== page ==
Knowledge carries responsibility.  When you learn something, especially if through struggle or adversity, you never unlearn it. I’m involved in the work I do today because of the growing crisis our young men and boys face.

Their challenges first became apparent to me while I was in college and saw how relatively few men of color were on campus. Looking back, I realized that smart boys I’d once competed against had already fallen behind. Many hadn’t been interested in attending college; many had already tuned out by high school.

Nationally, the same remains true. Less than half of Black men who enter high school finish in four years, and fewer still go on to college.  They’re more likely to be involved in the criminal justice system than their White peers, and they’re far more likely to die younger.

I’ve also witnessed this kind of tragedy through the life of a relative I’ll call “Joshua.”    He remains the smartest child I’ve ever met.  When he was young, teachers found his quick wit charming.  But in middle school, they labeled it disrespectful.  Rather than helping Joshua find a positive channel for his energy, they frequently sent him to detention.

In Joshua’s case, the punishments were counterproductive. He started to withdraw and by the 10th grade, he’d lost interest in class.  I became his advocate, got him tutors and gave him more structure.  He did better for a time, but with only weeks left in his sophomore year, he ran away.

My family was lucky; we got Joshua back.  He’s now enrolled in a residential Job Corps program in which he can work toward his high school equivalency diploma and learn a trade.  We all pray and watch, hoping this is the path by which he will make his way.

Harsher discipline and punishment is a common thread in the lives of young men of color.  According to the U.S. Department of Education, African Americans comprise 18 percent of public school students but represent 35 percent of suspensions and 39 percent of expulsions. And U.S. Department of Justice data show that Black youth are arrested and incarcerated in far greater numbers than their peers.

Yet there are certainly turnaround stories to celebrate. A young man like Dexter is a prime example.

Dexter also didn’t see much of a future for himself when he was in high school.  He considered himself good at only two things, football and hustling, and he concentrated on the latter. At 17, he started getting into trouble.  Instead of finishing his senior year, he found himself in a California juvenile facility.

Then he met a mentor named Mike Gibson, who suggested that the teen enroll in emergency medical services classes once he left the facility.  Dexter agreed and stuck with them for a while, until the pull of his old life proved too hard to resist. He soon dropped out.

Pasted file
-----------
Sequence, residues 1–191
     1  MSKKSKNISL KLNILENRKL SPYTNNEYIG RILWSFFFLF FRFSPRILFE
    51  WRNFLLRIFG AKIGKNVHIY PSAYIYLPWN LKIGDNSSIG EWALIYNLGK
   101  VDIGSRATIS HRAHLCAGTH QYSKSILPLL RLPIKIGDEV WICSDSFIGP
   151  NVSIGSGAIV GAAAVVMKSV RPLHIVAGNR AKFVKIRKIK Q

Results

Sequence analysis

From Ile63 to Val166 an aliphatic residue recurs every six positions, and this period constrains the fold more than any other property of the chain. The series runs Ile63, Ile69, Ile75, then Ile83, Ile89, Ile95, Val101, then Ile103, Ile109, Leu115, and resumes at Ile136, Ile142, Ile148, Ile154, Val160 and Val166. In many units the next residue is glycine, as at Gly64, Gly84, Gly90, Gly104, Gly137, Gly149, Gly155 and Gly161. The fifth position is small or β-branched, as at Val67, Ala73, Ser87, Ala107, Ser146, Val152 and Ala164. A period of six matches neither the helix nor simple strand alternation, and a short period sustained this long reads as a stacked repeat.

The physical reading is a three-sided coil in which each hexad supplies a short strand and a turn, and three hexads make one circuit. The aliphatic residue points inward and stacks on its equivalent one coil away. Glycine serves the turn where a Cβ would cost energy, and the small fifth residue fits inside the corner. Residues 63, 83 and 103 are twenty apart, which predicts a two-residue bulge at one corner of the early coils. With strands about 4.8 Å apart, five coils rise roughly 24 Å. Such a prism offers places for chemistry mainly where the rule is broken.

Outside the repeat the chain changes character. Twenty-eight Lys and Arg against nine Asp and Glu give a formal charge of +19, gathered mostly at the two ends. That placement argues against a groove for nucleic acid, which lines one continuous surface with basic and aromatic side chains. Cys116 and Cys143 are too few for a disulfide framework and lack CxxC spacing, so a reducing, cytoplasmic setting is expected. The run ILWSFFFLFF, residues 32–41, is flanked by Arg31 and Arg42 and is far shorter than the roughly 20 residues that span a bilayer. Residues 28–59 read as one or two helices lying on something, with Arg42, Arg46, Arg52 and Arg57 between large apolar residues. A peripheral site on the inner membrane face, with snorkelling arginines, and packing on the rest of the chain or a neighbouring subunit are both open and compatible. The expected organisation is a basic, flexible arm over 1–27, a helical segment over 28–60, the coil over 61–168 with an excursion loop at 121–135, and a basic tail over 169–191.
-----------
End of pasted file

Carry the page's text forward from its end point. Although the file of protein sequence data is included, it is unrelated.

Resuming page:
Still, Gibson had seen definite promise in Dexter. So months later, he reached out to the teen as he was launching a program to train aspiring emergency medical professionals from underrepresented parts of the community. Motivated by Gibson’s belief in him, and supported by the program’s mentoring and leadership, Dexter recommitted himself to studying. He finished first in his class and now works at a community detoxification center. He is preparing to become a paramedic.

There are millions of Joshuas and Dexters, each with real potential.  In my work at the Robert Wood Johnson Foundation, we focus on the conditions in which Americans live, learn, work and play—conditions that can affect whether a young man’s potential becomes reality. I’m proud that the Foundation is helping to create a better future for boys and young men of color through its new Forward Promise initiative.  The program will support innovative, community-based projects that strengthen opportunities for these youth during their middle school and high school years.

The Foundation is not alone in recognizing the need here. Forward Promise reflects growing momentum among philanthropic, policy and community leaders to fund efforts from California to New York. We all hope that more will join in.

Personally and professionally, I’ve witnessed just how much factors such as race and ethnicity, education, income and even geography can create or constrain access to resources, health and success.  The fix isn’t simple, and it certainly isn’t easy, but we owe it to our young men of color—our sons, brothers and future husbands—to help give them a fair shot.  We can’t just blame them for lives that are the opposite of the ideal.

And as we ensure that boys and young men of color have a real chance to succeed, we build stronger, healthier communities and a much stronger, healthier country.

Forward Promise, an initiative of the Robert Wood Johnson Foundation, is focused on promoting opportunities to encourage the health and success of middle and high school-aged boys of color. Learn more here.